Langlois repeatedly stated to The Times of Israel that he is not trying to “prove the Bible.” However, he said, “from a purely historical standpoint, the most obvious solution is that there was a kingdom of David.”

“In my paper I’m not trying to discuss whether King David exists, just trying to read the stone, and my conclusion for line 31 is that the most likely reading is Beit David, which takes into account the traces of letters and the combination of them,” said Langlois. To read any other way, he said, is basically stating a refusal to believe in the possibility of a biblical King David.

“The new imaging technology that we have confirms the reading of Beit David,” said Langlois, adding, “It’s a good thing when science can confirm a hypothesis.”

 
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Posted by on 3 May 2019 in Archaeology

 

This Is Progress: ‘Loot to Order’ Pages Removed from Facebook

Facebook has shut down 49 “loot-to-order” antiquities-trafficking pages selling bespoke artifacts from war zones to clandestine collectors, in response to a two-year BBC investigation.

The BBC probe, published Thursday, found that looters were smuggling everything from ancient statues to Roman mosaics out of Iraq and Syria into Turkey, where they could be sent to the buyers who ordered them through the social-media pages.

Two things.  1), good.  2), if you are using ‘loot to order’ services, you are an evil person.

Archeologist Amr Al-Azm, who is a professor at Shawnee State University in Ohio, worked with the BBC to expose the racket. He found pictures of mosaic floors still embedded in the ground in Syria, which were offered with an option for the buyer to choose styles and colors “if available.”

He also showed BBC reporters the Facebook pages offering any number of statues from the looted ancient city of Palmyra, implying that the Islamic State terror group fighters had not destroyed all the antiquities there. Some 70 percent of all artifacts purported to come out of Syria are fakes, but the Facebook sites guaranteed authenticity.

“What we’ve seen is an explosion of sites and users on Facebook,” he told the BBC. “It’s transnational and Facebook is essentially allowing this to happen on its watch.”

Al-Azm told the BBC that buyers are often working on behalf of anonymous collectors across the world, including some in the U.S. who are looking for rare art from war-torn areas that might easily be written off as destroyed. As such, the provenance of the artifacts will more easily escape notice.

The BBC found that several sites offered a way for buyers to ask for specific antiquities. “In one case, Facebook administrators ask for Islamic-era manuscripts to be made available in Turkey,” the BBC reports. It is not clear if the purchase and delivery was carried out.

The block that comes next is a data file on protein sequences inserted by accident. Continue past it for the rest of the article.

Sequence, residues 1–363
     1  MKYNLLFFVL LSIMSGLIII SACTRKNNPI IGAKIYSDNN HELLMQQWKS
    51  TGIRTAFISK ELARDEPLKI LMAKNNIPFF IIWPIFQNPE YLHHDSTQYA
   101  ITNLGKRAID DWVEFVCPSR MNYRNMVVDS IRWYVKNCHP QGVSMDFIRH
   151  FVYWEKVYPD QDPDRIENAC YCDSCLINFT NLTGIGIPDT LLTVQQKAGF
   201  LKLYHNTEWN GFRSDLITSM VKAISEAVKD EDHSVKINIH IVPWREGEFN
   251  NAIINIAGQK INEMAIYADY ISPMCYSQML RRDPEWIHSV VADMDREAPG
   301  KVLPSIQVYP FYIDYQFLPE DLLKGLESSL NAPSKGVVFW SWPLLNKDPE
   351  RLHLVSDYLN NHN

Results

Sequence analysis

“It’s really opened our eyes to how accelerated these trafficking networks are,” researcher Katie Paul told the BBC. “Now if you dig something up in your backyard and you don’t know a trafficker, you can hop on Facebook, share pictures of what you’ve found and connect with people who are willing to buy it.”

Good for him!

 
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Posted by on 2 May 2019 in Archaeology

 

A New Reading of the Mesha Stele

The biblical King Balak may have been a historical figure, according to a new reading of the Mesha Stele, an inscribed stone dating from the second half of the 9th century BCE.

A name in Line 31 of the stele, previously thought to read ‘House of David’, could instead read ‘Balak’, a king of Moab mentioned in the biblical  of Balaam (Numbers 22-24), say archaeologist Prof. Israel Finkelstein and historians and biblical scholars Prof. Nadav Na’aman and Prof. Thomas Römer, in an article published in Tel Aviv: The Journal of the Institute of Archaeology of Tel Aviv University.

The authors studied new high-resolution photographs of the squeeze, and of the stele itself. These new images made it clear that there are three consonants in the name of the monarch mentioned in Line 31, and that the first is the Hebrew letter beth (a ‘b’ sound).

While the other letters are eroded, the most likely candidate for the monarch’s name is ‘Balak’, the authors say. The seat of the king referred to in Line 31 was at Horonaim, a place mentioned four times in the Bible in relation to the Moabite territory south of the Arnon River. “Thus, Balak may be a historical personality like Balaam, who, before the discovery of the Deir Alla inscription, was considered to be an ‘invented’ figure,” they suggest.